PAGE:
On March 6, 2013 a mommy blogger's post about dieting went viral on Buzzfeed and somewhat popular blog Mamamia. However, in as quickly as the post went viral did it become a target of scrutiny, and that scrutiny has revealed some glaring questions about Australian "blogger" Amy Cheney. Is this blogger defrauding her readers' emotions by pretending her seven-year-old daughter wrote an interesting list about dieting? It certainly looks like it, and training as a criminal profiler and analyst of investigative evidence makes it easy to point out some of the glaring issues in the "diyet" list that is currently making viral rounds around the internet.
It certainly does appear that Amy Cheney is feeding off gullible readers who are openly sharing their body image issues in response to her recent post about her seven-year-old daughter. But are her intentions pure? Possibly. She shares many valid points in this post, but at the same time she appears to be taking a somewhat dramatic, theatrical approach to shunning society for making her daughter want to eat "appals" and "keewee froots."
Handwriting analysis is just one of the many things studied by crime buffs, especially myself. That's why it was immediately apparent that the list allegedly written by a seven-year-old girl just stood out as fraudulent. Notice how this girl alternates between using the number three properly, and then backwards. There are fluctuations between cursive and print in the list, and there stress marks on some of the letters, clearly displaying that the writer was using deliberate strokes as if trying to keep their penmanship at a child-like quality. In particular this is noticeable on the the Gs, Ys and Rs in the list.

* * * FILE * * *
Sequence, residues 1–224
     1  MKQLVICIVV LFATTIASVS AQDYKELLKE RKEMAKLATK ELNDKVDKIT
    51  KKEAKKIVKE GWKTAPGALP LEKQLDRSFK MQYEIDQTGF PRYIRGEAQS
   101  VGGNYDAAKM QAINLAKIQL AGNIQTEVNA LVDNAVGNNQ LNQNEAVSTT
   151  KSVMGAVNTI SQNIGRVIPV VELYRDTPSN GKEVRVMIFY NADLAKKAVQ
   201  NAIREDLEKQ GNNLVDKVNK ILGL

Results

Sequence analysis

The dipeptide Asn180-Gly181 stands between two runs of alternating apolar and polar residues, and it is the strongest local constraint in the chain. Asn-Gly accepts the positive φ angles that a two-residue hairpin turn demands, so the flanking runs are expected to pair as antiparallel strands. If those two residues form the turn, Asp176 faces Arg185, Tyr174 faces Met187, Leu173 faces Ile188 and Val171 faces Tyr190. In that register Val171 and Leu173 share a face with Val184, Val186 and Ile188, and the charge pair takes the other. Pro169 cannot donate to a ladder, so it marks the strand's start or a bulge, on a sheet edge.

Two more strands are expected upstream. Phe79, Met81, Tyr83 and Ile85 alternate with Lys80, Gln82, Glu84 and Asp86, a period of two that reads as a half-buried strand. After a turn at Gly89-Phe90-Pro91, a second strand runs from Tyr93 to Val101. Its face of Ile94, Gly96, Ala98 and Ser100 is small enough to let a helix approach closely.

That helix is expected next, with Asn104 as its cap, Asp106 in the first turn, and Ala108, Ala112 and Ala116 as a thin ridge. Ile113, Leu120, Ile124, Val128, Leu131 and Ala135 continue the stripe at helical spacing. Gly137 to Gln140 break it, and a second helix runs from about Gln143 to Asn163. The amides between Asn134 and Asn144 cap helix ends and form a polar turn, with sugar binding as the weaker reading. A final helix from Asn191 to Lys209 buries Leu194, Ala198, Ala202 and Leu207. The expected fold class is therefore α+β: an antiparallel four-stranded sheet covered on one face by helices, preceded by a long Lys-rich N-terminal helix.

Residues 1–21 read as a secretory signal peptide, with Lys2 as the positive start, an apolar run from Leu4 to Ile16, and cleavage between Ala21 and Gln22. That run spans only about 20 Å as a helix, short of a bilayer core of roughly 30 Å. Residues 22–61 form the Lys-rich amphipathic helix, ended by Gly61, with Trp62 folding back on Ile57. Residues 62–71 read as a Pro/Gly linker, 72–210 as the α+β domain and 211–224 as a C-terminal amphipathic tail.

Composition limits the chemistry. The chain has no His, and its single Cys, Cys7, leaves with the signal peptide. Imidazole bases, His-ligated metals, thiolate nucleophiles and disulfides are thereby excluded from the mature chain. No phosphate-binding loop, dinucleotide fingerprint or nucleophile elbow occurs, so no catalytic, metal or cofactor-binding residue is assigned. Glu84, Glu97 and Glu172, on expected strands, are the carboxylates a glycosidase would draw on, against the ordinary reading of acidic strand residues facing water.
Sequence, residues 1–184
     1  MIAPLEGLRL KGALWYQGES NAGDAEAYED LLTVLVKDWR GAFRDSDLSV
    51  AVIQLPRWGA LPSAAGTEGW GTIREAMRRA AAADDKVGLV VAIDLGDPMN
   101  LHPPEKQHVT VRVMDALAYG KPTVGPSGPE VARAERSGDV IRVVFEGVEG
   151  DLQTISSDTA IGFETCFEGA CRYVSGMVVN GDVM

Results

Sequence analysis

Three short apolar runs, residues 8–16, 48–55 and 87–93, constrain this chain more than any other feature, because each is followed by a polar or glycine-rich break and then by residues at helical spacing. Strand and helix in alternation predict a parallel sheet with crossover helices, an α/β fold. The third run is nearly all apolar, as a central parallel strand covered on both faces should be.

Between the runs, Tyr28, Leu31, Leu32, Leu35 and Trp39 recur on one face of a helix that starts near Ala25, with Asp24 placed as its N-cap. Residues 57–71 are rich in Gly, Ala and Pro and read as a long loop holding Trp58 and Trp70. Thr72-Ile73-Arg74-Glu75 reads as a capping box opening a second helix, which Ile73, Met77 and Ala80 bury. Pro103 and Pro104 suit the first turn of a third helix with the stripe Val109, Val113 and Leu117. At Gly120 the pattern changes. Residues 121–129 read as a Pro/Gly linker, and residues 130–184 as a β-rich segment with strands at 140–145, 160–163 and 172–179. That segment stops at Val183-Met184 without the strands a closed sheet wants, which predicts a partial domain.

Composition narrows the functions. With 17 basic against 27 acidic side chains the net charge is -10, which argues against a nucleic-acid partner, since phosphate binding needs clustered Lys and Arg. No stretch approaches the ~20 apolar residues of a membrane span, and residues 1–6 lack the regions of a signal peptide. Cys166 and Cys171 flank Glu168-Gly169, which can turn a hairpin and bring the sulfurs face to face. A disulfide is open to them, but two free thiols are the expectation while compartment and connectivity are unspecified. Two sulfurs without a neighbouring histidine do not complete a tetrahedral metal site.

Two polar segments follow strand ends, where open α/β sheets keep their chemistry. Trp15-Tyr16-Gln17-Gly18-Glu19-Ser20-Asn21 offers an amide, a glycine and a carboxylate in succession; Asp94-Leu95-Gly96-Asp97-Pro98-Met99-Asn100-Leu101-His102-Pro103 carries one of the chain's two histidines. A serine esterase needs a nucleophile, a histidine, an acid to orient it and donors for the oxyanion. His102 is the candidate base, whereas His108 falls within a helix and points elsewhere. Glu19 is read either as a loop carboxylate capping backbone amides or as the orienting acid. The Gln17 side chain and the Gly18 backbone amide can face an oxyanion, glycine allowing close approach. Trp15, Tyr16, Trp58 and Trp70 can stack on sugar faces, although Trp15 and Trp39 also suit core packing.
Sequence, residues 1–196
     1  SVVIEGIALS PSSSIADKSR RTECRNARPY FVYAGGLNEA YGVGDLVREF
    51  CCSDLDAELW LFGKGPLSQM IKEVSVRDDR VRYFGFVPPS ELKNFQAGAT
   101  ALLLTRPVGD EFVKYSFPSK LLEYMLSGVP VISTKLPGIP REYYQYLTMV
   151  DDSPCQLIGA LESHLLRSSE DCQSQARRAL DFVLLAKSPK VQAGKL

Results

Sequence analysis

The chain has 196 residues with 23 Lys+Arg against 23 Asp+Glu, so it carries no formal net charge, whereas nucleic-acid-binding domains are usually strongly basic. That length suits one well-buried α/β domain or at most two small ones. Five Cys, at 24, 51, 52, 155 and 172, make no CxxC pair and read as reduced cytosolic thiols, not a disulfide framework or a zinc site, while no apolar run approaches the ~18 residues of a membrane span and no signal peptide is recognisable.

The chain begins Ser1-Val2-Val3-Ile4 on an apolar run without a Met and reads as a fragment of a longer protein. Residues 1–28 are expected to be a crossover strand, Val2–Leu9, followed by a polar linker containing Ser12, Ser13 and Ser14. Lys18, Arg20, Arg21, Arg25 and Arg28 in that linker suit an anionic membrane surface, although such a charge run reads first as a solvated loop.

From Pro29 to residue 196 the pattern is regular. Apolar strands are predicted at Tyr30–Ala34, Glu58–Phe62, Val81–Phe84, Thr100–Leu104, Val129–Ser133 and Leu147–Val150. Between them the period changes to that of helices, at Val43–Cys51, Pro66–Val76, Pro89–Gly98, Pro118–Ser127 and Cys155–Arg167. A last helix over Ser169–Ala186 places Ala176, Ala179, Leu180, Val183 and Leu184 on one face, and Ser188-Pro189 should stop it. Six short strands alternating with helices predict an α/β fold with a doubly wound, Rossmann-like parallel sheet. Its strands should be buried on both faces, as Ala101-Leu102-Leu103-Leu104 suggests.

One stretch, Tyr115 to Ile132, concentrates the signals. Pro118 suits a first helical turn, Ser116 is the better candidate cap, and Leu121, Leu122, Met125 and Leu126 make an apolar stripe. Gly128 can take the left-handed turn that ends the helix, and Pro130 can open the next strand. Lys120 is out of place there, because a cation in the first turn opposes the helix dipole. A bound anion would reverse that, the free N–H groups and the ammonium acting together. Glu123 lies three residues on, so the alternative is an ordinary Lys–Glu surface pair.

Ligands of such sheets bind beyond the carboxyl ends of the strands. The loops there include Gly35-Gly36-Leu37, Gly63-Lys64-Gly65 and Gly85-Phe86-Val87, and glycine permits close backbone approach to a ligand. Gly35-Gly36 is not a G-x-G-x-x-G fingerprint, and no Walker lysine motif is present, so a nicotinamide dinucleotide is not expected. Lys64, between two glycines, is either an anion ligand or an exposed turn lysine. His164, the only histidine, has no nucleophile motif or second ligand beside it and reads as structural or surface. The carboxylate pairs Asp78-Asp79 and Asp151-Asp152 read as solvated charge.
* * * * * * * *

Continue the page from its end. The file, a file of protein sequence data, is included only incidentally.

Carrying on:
Furthermore, Amy Cheney's seven-year-old daughter appears to spell in the same comical way as the popular internet "LOLcats" that are famous for the phrase "I can haz cheeseburger?". However, for having such poor penmanship and spelling for a seven-year-old child, this girl appears to have perfect grasp on the use and look of the "backslash." She also appears to know how to make the perfect check mark. The grandiose hook of her lower-case "F" in "2 keewee froots" also denotes the possibility that an adult wrote it.
It's not illegal for Amy Cheney to pretend her child wrote this, but it would be dishonest to her readers who opened up about their own body issues in response. I reached out to Amy Cheney on this Facebook page and pointed out to her all of the different errors that made the list look as though she is the one who created it. Instead of responding she chose to delete the article that she wrote off of her own Facebook page, and then refused to answer any questions. Does this mean she admits to being a blogging fraud?
It would be nice if Amy Cheney took to her blog to address this issue. Did she fake her daughter's "diyet" list or is this "child development" expert neglecting her child's education? This story is gripping media headlines right now, so it's a shame to see such a potentially scandalous situation grip the gullible masses -- when anyone with investigative training can see that there are some issues to be had with this list.